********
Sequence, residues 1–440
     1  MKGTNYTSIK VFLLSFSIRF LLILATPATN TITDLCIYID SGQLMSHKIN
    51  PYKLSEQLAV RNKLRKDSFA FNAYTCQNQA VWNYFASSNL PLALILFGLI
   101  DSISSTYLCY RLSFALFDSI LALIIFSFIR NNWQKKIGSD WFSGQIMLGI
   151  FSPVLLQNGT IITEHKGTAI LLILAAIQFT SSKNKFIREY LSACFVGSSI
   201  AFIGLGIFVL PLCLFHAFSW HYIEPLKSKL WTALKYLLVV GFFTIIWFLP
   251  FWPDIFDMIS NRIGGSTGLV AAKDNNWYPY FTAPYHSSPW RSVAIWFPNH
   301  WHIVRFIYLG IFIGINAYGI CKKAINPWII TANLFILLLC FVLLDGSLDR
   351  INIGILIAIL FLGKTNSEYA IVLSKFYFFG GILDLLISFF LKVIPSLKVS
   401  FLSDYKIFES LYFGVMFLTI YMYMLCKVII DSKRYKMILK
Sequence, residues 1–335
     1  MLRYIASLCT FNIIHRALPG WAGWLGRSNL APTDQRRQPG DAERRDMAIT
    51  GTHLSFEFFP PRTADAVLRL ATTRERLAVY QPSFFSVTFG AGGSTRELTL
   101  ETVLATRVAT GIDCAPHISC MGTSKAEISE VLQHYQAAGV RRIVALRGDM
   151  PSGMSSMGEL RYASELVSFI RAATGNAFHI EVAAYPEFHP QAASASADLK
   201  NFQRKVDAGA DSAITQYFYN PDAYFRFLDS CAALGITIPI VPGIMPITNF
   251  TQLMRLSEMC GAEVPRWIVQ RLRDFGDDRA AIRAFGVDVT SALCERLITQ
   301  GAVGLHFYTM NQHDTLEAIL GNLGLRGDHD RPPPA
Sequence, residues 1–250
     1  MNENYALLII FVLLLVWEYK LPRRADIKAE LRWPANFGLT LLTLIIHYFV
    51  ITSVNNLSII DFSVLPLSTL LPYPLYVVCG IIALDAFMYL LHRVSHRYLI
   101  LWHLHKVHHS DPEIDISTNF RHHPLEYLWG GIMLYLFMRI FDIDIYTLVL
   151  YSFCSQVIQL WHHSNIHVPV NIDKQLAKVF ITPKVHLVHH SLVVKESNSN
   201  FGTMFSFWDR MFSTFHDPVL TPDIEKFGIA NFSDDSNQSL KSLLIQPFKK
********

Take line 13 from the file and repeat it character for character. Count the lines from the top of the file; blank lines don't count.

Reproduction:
    51  GTHLSFEFFP PRTADAVLRL ATTRERLAVY QPSFFSVTFG AGGSTRELTL